Background— Baseline carotid intima-media thickness (IMT) and plaques are considered predictors of cardiovascular events, but whether they maintain predictive value in treated hypertensive patients and whether time-related (or treatment-induced) IMT changes are additional predictors are unknown.

Methods and Results— Analyses were performed of the data from the European Lacidipine Study on Atherosclerosis (ELSA), a large, randomized, intervention trial in which 2334 hypertensive patients from 7 European countries were followed up under effective antihypertensive treatment for 3.75 years. Kaplan–Meier curves indicated progressively lower survival free of any type of outcome except stroke, with increasing baseline IMT quartiles or increasing IMT values, even after adjustment for major baseline risk factors. Incidence of any outcome except stroke also was related to baseline number of carotid plaques. However, when both baseline and on-treatment IMT values were entered in Cox proportional-hazards models, differences in IMT compared with baseline did not predict cardiovascular outcomes. Although on-treatment rather than baseline IMT values significantly entered some of the proportional-hazards models, baseline and on-treatment IMTs were highly correlated, and therefore these results are inconclusive.

Conclusions— ELSA shows that carotid intima-media thickening and plaques are important added risks of cardiovascular outcomes in a treated hypertensive population independently of blood pressure and traditional risk factors. However, the analysis failed to show a predictive role of treatment-dependent IMT changes. These negative conclusions should be tempered by the limitations inherent in the smallness of these changes compared with the large individual differences in baseline IMTs.

  M. M Hossain , T Hosono Fukao , R Tang , N Sugaya , T. H van Kuppevelt and S. D Rosen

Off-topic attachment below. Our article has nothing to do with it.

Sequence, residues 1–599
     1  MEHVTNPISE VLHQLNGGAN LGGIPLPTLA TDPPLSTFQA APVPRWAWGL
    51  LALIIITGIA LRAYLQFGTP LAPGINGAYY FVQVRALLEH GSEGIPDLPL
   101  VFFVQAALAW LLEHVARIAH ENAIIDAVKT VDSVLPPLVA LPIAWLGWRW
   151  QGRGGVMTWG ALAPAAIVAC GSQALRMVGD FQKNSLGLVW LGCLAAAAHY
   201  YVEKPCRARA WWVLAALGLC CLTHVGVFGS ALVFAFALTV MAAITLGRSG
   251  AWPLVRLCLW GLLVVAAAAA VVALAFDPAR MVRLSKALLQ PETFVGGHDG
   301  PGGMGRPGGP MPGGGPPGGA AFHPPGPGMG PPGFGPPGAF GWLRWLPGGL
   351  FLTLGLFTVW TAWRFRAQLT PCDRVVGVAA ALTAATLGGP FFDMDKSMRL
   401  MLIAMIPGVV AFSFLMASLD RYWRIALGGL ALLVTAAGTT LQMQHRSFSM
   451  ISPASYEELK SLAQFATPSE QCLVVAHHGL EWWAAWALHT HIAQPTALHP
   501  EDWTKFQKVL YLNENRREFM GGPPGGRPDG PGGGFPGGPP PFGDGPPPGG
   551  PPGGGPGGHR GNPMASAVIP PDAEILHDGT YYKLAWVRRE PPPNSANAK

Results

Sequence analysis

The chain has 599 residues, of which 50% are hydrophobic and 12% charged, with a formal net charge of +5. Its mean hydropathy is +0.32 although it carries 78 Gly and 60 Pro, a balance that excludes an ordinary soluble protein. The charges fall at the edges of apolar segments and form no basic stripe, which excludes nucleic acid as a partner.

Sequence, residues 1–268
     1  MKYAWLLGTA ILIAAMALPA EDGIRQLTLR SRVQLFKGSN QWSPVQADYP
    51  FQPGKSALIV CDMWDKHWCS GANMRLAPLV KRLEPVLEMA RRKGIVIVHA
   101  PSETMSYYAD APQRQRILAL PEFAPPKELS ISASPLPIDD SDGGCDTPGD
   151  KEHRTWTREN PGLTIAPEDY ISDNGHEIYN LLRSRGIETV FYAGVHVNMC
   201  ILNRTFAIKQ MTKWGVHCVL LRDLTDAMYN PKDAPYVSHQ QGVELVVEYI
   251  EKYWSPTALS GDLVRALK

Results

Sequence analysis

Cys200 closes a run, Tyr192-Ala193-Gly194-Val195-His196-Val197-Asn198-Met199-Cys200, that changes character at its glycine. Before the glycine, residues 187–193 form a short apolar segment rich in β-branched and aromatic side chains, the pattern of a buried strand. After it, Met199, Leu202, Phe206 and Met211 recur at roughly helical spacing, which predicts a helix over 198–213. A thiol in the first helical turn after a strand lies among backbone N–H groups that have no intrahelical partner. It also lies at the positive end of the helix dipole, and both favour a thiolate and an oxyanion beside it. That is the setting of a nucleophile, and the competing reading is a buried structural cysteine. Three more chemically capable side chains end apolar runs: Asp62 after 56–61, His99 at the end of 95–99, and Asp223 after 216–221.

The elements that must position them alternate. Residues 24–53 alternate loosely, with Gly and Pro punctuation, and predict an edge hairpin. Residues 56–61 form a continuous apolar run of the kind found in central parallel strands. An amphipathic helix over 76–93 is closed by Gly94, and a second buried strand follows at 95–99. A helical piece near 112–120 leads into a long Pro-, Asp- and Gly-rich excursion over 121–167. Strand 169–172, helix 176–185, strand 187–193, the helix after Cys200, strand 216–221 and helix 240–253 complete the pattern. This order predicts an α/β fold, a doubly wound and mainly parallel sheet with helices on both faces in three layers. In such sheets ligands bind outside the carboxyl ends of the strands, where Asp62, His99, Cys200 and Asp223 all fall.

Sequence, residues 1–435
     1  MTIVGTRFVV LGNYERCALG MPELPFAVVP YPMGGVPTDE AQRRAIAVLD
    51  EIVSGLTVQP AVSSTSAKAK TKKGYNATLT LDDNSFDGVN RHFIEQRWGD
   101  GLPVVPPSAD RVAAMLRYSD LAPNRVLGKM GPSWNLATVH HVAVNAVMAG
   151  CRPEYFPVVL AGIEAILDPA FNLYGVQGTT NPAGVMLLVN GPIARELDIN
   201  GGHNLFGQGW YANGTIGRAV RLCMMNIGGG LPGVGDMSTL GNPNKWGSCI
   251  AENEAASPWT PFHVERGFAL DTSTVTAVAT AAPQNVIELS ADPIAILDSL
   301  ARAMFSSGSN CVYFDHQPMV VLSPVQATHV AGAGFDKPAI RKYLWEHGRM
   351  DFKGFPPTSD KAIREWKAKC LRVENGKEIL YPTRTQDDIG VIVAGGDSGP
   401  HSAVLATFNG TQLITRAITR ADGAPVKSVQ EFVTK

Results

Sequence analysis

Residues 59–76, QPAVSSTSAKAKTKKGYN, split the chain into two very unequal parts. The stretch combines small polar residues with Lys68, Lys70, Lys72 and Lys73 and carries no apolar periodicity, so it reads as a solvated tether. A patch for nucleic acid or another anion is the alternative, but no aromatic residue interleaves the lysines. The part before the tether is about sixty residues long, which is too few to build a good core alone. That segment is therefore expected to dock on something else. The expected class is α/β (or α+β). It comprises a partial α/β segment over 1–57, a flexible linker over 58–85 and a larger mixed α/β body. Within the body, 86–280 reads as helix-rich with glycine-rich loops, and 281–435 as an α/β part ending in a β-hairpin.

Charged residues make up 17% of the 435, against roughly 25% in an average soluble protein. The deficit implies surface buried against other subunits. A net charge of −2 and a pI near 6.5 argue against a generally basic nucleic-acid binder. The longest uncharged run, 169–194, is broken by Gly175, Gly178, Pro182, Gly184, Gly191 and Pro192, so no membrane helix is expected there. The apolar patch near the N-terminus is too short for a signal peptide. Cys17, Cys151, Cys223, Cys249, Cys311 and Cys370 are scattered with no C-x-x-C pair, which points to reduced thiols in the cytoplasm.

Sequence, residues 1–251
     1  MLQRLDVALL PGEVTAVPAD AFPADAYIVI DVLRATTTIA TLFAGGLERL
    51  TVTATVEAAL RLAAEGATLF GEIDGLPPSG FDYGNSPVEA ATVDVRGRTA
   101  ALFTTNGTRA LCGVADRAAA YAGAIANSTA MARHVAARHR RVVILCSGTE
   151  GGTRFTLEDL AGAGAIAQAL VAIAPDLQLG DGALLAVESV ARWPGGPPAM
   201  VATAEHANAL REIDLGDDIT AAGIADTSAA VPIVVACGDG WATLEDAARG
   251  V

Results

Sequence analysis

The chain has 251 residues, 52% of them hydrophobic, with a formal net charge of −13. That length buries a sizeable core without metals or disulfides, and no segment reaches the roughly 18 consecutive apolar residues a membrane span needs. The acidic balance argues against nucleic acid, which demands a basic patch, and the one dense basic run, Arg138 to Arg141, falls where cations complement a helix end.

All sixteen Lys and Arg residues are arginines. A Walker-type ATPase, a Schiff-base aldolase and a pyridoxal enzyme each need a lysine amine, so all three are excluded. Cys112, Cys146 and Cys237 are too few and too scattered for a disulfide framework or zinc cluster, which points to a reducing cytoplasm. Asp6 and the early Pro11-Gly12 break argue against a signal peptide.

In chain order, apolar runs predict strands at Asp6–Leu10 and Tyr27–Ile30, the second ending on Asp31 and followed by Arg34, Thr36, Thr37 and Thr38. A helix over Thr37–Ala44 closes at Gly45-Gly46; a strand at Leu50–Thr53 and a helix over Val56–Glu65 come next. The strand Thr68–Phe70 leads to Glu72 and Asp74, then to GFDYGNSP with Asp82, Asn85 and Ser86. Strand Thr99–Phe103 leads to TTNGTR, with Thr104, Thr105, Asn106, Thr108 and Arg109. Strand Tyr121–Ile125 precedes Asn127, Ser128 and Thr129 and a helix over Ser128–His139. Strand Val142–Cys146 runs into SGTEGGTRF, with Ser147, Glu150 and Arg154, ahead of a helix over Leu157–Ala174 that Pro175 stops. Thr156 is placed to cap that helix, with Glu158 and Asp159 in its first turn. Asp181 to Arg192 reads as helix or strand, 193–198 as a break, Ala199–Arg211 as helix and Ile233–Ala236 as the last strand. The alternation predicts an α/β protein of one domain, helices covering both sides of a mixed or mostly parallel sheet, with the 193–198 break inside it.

Heparan sulfates (HS) bind a diversity of protein ligands on the cell surface and in the extracellular matrix and thus can modulate cell signaling. The state of sulfation in glucosamines and uronic acids within the chains strongly influences their binding. We have previously cloned and characterized two human extracellular endoglucosamine 6-sulfatases, HSulf-1 and HSulf-2, which selectively liberate the 6-O sulfate groups on glucosamines present in N, 6-O, and 2-O trisulfated disaccharides of intact HS and heparins. These enzymes serve important roles in development and are upregulated in a number of cancers. To determine whether the Sulfs act on the trisulfated disaccharides that exist on the cell surface, we expressed HSulfs in cultured cells and performed a flow cytometric analysis with the RB4CD12, an anti-HS antibody that recognizes N- and O-sulfated HS saccharides. The endogenously expressed level of the cell surface RB4CD12 epitope was greatly diminished in CHO, HEK293, and HeLa cells transfected with HSulf-1 or HSulf-2 cDNA. In correspondence with the RB4CD12 finding, the N, 6-O, and 2-O trisulfated disaccharides of the HS isolated from the cell surface/extracellular matrix were dramatically reduced in the Sulf-expressed HEK293 cells. We then developed an ELISA and confirmed that the RB4CD12 epitope in immobilized heparin was degraded by purified recombinant HSulf-1 and HSulf-2, and conditioned medium (CM) of MCF-7 breast carcinoma cells, which contain a native form of HSulf-2. Furthermore, HSulf-1 and HSulf-2 exerted activity against the epitope expressed on microvessels of mouse brains. Both HSulf activities were potently inhibited by PI-88, a sulfated heparin mimetic with anti-cancer activities. These findings provide new strategies for monitoring the extracellular remodeling of HS by Sulfs during normal and pathophysiological processes.